How does Peter Present Christ in this sermon, as well as the Pentecost sermon?
Peter incredibly weaves a biblical tapestry which forms a thorough portrait of Christ – rejected by men but vindicated by God, as the fulfillment of all OT prophecy, as demanding repentance and promising blessing, and as the author and giver of life, physically to the healed cripple and spiritually to those who believe.
READ ACTS 4:1-22
The Pandemonium attracts some attention.
Who shows up to see what is going on?
All the important people – the Sadducees, and the captain of the temple guard, who actually had a priestly status second only to the high priest.
Why are the Sadducee’s Greatly Annoyed?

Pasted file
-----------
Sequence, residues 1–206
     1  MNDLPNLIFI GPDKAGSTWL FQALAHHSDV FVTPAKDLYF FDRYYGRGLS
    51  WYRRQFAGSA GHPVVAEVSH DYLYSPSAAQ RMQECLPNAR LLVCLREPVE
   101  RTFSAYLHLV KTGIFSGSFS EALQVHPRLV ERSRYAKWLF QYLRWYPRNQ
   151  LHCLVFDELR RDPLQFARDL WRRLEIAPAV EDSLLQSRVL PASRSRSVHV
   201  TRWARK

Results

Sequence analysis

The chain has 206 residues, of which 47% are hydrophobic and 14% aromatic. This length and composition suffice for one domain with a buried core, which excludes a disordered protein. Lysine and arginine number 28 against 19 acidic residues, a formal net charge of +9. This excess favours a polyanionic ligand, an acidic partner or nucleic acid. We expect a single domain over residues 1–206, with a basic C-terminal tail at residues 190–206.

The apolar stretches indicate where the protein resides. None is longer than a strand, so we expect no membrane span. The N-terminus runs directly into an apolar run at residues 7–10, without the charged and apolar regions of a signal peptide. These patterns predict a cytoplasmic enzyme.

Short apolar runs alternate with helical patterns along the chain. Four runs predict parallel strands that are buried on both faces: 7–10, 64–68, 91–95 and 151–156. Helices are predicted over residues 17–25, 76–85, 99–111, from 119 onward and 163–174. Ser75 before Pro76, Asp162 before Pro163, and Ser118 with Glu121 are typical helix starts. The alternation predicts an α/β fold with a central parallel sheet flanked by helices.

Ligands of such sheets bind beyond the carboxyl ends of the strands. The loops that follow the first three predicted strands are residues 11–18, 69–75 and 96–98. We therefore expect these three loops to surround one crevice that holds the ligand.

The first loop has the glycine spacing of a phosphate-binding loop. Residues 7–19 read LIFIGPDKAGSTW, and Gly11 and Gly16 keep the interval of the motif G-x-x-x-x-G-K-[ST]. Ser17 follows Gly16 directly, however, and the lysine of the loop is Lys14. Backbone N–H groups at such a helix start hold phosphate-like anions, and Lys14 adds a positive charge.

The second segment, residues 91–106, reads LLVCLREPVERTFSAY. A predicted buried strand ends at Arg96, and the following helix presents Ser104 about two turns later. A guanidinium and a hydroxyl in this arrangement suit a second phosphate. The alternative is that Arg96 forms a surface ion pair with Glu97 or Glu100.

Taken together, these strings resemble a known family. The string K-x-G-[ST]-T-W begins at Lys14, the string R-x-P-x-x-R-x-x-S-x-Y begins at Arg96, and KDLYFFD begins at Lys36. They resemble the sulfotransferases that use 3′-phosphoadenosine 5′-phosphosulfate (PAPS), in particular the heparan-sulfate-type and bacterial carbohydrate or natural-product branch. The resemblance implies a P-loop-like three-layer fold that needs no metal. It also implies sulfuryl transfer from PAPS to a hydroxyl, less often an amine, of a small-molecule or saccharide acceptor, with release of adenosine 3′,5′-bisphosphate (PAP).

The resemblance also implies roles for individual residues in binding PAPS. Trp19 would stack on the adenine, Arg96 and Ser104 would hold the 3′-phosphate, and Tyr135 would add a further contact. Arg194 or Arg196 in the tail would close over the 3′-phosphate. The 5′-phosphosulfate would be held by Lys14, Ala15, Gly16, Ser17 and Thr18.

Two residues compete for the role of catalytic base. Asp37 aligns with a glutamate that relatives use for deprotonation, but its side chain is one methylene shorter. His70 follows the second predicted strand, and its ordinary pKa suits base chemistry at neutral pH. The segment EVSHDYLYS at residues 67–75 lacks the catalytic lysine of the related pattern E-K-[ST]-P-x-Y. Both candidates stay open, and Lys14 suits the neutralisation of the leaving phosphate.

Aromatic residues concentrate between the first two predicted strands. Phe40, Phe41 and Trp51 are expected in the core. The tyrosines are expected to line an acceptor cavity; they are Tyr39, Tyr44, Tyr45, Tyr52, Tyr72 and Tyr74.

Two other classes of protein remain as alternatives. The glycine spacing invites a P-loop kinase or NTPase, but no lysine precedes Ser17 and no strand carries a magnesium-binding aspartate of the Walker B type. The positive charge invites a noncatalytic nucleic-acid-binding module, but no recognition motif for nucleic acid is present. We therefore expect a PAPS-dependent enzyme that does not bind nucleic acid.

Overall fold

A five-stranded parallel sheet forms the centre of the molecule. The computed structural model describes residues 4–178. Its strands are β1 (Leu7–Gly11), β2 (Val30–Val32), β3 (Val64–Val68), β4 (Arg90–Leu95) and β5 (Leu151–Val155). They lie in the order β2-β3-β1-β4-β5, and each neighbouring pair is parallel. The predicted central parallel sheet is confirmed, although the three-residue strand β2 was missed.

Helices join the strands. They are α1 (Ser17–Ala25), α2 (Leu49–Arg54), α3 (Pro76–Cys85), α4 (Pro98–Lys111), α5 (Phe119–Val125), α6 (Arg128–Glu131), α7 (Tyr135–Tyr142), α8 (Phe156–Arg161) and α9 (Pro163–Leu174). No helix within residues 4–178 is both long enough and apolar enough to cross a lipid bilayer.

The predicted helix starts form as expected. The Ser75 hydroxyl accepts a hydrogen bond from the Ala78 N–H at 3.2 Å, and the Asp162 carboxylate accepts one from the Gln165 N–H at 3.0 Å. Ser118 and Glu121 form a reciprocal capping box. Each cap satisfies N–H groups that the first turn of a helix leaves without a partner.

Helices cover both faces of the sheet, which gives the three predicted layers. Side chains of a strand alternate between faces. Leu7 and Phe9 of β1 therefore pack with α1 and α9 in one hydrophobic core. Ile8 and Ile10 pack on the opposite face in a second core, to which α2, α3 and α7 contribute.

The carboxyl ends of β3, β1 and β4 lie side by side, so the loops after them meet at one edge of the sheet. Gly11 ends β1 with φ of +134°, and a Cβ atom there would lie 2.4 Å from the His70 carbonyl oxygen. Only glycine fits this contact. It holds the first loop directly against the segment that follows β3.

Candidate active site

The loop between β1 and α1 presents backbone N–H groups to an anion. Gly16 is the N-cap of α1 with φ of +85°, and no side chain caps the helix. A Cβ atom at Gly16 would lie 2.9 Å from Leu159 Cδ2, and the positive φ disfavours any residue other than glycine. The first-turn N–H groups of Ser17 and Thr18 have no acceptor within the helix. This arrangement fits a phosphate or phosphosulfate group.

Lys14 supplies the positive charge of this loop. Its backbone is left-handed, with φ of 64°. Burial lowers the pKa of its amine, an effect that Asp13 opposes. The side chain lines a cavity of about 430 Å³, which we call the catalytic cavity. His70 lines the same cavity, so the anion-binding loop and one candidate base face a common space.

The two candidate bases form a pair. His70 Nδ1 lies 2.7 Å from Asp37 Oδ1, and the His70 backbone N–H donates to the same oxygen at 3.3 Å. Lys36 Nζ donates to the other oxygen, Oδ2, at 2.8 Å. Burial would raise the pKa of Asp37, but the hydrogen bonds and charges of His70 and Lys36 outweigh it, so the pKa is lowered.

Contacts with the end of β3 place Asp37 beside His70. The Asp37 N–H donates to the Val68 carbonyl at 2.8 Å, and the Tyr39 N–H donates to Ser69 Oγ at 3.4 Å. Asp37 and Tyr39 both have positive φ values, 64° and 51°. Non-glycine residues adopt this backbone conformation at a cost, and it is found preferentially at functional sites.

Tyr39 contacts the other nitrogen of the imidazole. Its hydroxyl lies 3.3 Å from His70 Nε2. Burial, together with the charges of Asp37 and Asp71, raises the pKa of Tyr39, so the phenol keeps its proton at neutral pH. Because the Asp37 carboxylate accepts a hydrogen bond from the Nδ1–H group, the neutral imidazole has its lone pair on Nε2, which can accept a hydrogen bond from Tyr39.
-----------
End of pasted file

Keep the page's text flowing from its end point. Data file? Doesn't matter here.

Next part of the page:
That the two disciples were preaching about the resurrection. Again and again the resurrection comes up – as Paul said a number of weeks ago, the resurrection is the key doctrine – Jesus was raised form the dead and the Sadducees rejected the resurrection as a doctrine. The Sadducees believed that the Messianic period had begun in the Maccabean period that was just before Jesus’ time. They were not looking for the Messiah. Therefore they see John and Peter as agitators and heretics.
Does Peter and John’s Arrest have any effect on suppressing the gospel?
Luke’s answer is of course not! 5000 men become believers despite Peter and John’s arrest. Luke emphasizes that the oppression of men does not hinder the word of God – some encouragement for us in our present situation.
Does the question that the elders as Peter and john in v7 sound familiar?
They had asked Jesus by what authority had he cleansed the temple. It all came down to authority. The ruling elders believed they had the monopoly on authority and unless they sanctioned it there was no other authority – or so they thought.